Old SA flag a symbol of white supremacy, says Nelson Mandela Foundation ahead of court case

25 February 2019 - 14:57 By Ernest Mabuza
The old SA flag, reminiscent of apartheid, is the subject of a court application to have it defined as hate speech.
The old SA flag, reminiscent of apartheid, is the subject of a court application to have it defined as hate speech.
Image: Gallo Images/Volksblad/Charle Lombard

The old South African flag was a vivid symbol of white supremacy and black disenfranchisement and it also gave expression only to European heritage and excluded black people entirely.

This is contained in the heads of argument filed by the Nelson Mandela Foundation before the Equality Court, sitting in Johannesburg.

The foundation last year made an application to the Equality Court for an order declaring that gratuitous displays of the old, apartheid-era South African flag constituted hate speech, unfair discrimination and harassment based on race.

However, AfriForum has opposed the order and contends that, among other factors,  "displaying the old flag is constitutionally protected expression".

The first friend of the court, Pride, argues that the gratuitous display of the old flag amounted to hate speech or harassment not only against black people but also against members of the LGBT+ community.

The second friend of the court, Federasie van Afrikaanse Kultuurvereniginge, submitted that displaying the flag should not be banned.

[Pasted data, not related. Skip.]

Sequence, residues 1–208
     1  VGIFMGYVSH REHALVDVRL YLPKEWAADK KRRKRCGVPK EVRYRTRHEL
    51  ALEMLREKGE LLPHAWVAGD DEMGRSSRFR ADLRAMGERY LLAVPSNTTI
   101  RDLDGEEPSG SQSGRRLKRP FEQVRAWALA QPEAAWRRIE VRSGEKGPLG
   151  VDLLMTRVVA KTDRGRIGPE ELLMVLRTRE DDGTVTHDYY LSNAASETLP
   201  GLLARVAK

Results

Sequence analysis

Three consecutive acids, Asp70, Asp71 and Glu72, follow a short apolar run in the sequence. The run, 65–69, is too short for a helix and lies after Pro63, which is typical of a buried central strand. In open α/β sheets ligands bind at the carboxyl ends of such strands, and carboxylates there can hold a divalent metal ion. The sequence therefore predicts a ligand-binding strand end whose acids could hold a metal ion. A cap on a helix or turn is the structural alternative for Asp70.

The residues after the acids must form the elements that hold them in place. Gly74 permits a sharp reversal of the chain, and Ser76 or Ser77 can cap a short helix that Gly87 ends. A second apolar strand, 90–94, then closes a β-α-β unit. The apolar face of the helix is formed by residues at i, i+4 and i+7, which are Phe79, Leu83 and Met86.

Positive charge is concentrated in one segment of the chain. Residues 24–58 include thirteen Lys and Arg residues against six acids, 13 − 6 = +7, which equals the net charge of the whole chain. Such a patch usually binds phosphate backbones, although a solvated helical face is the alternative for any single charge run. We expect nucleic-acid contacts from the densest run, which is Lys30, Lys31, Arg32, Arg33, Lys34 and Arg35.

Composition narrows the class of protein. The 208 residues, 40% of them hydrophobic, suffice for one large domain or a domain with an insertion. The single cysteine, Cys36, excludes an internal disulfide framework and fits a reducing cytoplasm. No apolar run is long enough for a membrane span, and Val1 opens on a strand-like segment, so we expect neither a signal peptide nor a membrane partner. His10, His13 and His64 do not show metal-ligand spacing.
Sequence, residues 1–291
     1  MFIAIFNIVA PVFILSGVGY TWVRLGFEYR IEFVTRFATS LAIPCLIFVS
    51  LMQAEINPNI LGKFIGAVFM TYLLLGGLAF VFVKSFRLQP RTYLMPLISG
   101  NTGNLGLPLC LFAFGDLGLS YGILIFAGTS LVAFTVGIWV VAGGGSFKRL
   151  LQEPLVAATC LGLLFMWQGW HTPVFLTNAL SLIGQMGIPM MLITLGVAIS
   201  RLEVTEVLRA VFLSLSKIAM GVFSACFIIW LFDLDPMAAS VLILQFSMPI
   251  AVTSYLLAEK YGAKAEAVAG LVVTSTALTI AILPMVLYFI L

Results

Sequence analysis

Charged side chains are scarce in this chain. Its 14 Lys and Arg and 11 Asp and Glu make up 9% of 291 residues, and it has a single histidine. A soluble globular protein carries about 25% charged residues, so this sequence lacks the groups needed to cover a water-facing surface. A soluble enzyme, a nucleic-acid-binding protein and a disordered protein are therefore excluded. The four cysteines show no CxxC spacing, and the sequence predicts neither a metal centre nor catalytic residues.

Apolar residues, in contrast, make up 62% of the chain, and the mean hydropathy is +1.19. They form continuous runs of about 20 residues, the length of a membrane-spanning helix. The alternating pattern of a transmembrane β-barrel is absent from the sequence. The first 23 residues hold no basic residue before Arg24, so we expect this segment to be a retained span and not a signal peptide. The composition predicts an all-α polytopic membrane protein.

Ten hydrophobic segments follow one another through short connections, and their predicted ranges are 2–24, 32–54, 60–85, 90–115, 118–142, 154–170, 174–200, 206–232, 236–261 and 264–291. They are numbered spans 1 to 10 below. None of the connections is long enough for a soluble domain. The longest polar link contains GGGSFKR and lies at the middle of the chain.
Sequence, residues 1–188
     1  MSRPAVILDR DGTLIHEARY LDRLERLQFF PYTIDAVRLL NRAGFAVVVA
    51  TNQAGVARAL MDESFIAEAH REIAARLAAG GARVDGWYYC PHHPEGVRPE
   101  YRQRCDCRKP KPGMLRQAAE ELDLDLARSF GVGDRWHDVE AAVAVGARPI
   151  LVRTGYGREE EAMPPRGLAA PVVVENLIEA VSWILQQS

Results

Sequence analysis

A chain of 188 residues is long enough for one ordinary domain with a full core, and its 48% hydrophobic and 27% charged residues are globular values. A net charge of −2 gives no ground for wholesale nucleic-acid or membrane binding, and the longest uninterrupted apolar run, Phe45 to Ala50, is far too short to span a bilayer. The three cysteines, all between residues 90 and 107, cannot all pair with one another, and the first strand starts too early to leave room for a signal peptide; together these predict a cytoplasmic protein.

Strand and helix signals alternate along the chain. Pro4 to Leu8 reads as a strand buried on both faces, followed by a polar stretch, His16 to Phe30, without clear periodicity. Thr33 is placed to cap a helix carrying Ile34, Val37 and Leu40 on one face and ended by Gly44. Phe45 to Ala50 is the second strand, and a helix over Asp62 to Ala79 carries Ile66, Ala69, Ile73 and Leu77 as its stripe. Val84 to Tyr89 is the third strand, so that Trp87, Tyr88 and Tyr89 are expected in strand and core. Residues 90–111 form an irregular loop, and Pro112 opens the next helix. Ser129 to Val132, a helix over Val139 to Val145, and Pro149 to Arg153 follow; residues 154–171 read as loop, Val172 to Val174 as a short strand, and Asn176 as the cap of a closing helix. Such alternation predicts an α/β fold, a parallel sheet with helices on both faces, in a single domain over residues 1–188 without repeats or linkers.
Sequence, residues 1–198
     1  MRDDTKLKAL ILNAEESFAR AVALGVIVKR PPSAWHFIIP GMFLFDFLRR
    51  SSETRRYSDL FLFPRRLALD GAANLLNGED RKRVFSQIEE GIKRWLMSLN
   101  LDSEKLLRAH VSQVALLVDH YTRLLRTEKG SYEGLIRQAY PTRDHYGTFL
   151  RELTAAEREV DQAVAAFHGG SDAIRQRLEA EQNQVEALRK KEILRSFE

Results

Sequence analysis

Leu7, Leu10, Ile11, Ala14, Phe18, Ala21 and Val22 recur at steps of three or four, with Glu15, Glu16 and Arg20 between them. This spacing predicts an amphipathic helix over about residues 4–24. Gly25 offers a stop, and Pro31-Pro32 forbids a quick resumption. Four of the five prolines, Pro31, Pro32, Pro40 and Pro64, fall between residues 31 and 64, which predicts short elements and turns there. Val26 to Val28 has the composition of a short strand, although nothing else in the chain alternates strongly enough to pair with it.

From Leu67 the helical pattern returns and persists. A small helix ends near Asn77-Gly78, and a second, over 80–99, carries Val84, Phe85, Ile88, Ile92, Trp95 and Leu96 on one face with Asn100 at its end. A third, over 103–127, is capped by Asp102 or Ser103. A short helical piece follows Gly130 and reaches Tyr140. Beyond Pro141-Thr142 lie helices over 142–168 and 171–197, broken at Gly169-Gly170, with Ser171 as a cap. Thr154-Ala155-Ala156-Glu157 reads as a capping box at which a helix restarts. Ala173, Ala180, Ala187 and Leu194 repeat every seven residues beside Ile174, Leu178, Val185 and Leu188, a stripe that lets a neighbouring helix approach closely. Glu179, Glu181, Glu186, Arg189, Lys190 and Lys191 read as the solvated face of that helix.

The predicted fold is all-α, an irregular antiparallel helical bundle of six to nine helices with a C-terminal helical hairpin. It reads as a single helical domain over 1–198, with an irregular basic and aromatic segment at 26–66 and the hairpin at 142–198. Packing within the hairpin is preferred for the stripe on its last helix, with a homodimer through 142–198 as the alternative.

The matter will be heard on April 29 this year.

In its heads of argument submitted to the court last week, the foundation said the displaying of the 1928 flag did more than cause offence and emotional distress. The foundation said all of the evidence showed the old flag demeaned and dehumanised people based on race.

"A gratuitous display of the 1928 flag is ‘hurtful' within the meaning of section 10 (1)(a) of the [Promotion of Equality and Prevention of Unfair Discrimination] Act, in that it wounds [and objectively demonstrates an intention to wound] people’s human dignity and undermines their equal worth," the foundation said in the heads of argument, prepared by advocates Tembeka Ngcukaitobi, Ayanda Msimang and Ben Winks.

In its answering affidavit to the foundation’s application, AfriForum said black people should simply "tolerate" such displays, or use them as an "opportunity to reflect on how far we have come as a nation".

The foundation, in its heads of argument, said AfriForum’s statement was profoundly insensitive, destructive of human dignity and equality and thus constitutionally untenable.

"Displaying the 1928 flag in all white homes, suburbs and schools is not necessarily 'hurtful' (except to the extent that black people are employed in these places) but it will still constitute hate speech under the Act, as it objectively demonstrates an  intention to 'be harmful or incite harm' as well as to 'promote hatred' … by communicating to others, including children, that apartheid was acceptable," the foundation said.


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